Rarely am I accused of oversimplifying things. My brain works in overdrive, which can be a blessing … and a curse. Unlike my previous New Year’s resolutions, my singular focus in 2017 centers on one simple word: balance.
Striving to achieve a better balance at work and at home did not stem from within. My hard-wired brain couldn’t imagine such beautiful simplicity.
Typically, my New Year’s resolutions comprise a laundry list of goals — often too many to keep top of mind, never mind to work on daily. Not this year, though. I’ve done an about-face thanks to Bill Roddy, publisher of Landscape Management (LM), a sister brand of Pest Management Professional (PMP).
Roddy recently gave me a book — One Word that Will Change Your Life — that calls us to focus the coming year with one overarching goal, embodied by One Word.
The concept of One Word was completely foreign to this complex writer, who used to get paid by the word. But after reading the book (written by Jon Gordon, Dan Britton and Jimmy Page), I’m sold on such singular focus.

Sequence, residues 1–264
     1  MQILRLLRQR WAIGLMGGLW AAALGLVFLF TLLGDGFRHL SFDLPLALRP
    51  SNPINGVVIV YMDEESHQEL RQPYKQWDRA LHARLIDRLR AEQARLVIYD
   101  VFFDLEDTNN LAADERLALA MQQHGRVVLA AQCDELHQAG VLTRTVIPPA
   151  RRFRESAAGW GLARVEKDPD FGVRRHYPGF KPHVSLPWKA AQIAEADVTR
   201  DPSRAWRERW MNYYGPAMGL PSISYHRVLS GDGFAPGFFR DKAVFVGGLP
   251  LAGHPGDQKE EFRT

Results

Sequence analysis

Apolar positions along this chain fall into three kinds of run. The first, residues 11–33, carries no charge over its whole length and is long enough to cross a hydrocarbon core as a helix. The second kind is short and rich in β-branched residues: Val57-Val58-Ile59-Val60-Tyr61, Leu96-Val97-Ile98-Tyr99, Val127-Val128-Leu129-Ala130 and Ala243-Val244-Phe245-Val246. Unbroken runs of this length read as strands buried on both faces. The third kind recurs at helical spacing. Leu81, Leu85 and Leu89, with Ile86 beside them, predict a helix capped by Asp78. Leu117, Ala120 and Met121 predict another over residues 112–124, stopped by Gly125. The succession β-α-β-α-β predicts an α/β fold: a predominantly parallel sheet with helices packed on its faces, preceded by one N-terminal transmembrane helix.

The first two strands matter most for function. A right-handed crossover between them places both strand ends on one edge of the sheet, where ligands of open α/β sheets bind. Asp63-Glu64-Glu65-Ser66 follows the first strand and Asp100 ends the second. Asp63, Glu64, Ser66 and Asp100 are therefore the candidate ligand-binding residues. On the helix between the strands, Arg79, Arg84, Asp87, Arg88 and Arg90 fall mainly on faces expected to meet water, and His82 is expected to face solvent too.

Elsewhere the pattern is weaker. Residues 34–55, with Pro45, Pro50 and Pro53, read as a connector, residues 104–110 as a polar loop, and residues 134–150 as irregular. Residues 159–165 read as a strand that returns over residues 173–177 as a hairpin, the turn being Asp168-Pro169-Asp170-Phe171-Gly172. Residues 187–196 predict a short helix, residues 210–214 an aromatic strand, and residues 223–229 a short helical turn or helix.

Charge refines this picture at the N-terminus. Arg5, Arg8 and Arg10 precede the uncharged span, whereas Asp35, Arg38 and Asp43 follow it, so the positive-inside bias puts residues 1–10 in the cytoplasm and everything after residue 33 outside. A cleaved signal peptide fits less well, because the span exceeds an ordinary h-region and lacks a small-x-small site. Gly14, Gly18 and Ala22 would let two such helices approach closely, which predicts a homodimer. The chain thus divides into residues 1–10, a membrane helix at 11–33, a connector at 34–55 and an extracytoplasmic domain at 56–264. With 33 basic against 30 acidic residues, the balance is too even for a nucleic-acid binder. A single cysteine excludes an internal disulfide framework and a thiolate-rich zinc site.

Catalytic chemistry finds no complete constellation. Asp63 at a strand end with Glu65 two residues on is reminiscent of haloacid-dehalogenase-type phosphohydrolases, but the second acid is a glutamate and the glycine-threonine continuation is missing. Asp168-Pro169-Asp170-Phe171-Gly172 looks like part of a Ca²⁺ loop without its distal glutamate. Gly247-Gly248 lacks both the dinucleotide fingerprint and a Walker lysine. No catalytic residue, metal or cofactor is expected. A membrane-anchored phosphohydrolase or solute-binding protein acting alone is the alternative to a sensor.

Plenty of words popped into my head while, and after, reading One Word. Love, family and faith were the first words to resonate with me. But after a bit of contemplation, I was gifted another word to help focus my thoughts, words and actions in 2017.
That word is balance, something that increasingly eludes me as I eagerly and gratefully take on more responsibilities. I know I’m not alone on this journey.
My addiction to the “smartphone” is but a symptom of my need to strike better balance. In addition to work-family balance, I also need to find a better balance with food and exercise, listening and talking, and a laundry list (sorry, I told you I’m hard-wired) of other life skills.
The authors suggest we “accept” One Word for each new year — a different one each year. They also suggest our teammates at work and home do likewise for themselves, and then work together to find that singular focus, that One Word, that will drive our family at work or at home.
The book is chock-full of examples of how “it works when we work it.” I’m committed to working it. I plan to ask those closest to me to let me know how I’m really doing on balance. I’ll let you know how it’s going throughout the year.
For now, I need to sign off and spend time with the family. (See? It’s already working.)